A randomised clinical trial was conducted to establish the effects of oral and intramuscular administration of vitamin K at birth on plasma concentrations of vitamin K1, proteins induced by vitamin K absence (PIVKA-II), and clotting factors. Two groups of about 165 healthy breast fed infants who received at random 1 mg vitamin K1 orally or intramuscularly after birth were studied at 2 weeks and 1 and 3 months of age. Although vitamin K1 concentrations were statistically significantly higher in the intramuscular group, blood coagulability, activities of factors VII and X and PIVKA-II concentrations did not reveal any difference between the two groups. At 2 weeks of age vitamin K1 concentrations were raised compared with reported unsupplemented concentrations and no PIVKA-II was detectable. At 3 months vitamin K1 concentrations were back at unsupplemented values and PIVKA-II was detectable in 11.5% of infants. Therefore, a repeated oral prophylaxis will be necessary to completely prevent (biochemical) vitamin K deficiency beyond the age of 1 month.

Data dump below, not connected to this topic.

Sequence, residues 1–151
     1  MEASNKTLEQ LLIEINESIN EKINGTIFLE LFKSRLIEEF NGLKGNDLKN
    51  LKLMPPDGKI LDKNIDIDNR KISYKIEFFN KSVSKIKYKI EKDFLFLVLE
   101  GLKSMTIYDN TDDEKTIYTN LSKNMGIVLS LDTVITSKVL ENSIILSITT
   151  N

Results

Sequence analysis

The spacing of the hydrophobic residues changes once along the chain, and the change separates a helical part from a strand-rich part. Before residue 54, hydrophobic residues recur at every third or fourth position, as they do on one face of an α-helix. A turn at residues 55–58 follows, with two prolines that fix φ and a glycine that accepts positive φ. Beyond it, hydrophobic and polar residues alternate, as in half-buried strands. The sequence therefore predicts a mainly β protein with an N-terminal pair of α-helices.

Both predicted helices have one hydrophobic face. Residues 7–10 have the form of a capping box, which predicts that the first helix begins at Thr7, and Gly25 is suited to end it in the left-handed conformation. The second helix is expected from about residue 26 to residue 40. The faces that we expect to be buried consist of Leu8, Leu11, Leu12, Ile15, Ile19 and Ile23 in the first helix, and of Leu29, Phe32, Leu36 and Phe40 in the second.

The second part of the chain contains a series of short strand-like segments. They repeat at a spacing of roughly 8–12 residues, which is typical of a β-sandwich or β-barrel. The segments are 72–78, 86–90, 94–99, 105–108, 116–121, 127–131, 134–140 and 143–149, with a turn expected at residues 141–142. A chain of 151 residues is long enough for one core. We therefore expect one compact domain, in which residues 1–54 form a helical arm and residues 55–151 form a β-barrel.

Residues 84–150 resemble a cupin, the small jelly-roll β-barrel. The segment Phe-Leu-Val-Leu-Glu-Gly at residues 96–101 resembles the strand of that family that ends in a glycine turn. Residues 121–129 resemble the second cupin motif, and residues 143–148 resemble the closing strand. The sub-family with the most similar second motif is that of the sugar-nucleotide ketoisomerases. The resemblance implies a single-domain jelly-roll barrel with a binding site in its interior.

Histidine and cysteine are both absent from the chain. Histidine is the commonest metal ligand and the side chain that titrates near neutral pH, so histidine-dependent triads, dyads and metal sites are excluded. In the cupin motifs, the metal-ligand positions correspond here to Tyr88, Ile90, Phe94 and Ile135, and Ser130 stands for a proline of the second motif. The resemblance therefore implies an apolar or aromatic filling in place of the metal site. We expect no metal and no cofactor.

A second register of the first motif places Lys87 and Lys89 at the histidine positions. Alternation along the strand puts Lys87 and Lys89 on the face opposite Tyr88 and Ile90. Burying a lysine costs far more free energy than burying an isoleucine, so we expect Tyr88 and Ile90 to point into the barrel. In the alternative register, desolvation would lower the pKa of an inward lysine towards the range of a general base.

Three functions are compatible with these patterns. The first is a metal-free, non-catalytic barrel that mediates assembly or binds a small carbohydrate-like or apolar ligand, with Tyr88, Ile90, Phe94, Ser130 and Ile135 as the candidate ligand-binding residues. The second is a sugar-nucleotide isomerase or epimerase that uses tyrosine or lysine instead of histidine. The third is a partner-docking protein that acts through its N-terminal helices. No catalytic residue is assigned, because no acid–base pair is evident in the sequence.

Statistics from Altmetric.com
If you wish to reuse any or all of this article please use the link below which will take you to the Copyright Clearance Center’s RightsLink service. You will be able to get a quick price and instant permission to reuse the content in many different ways.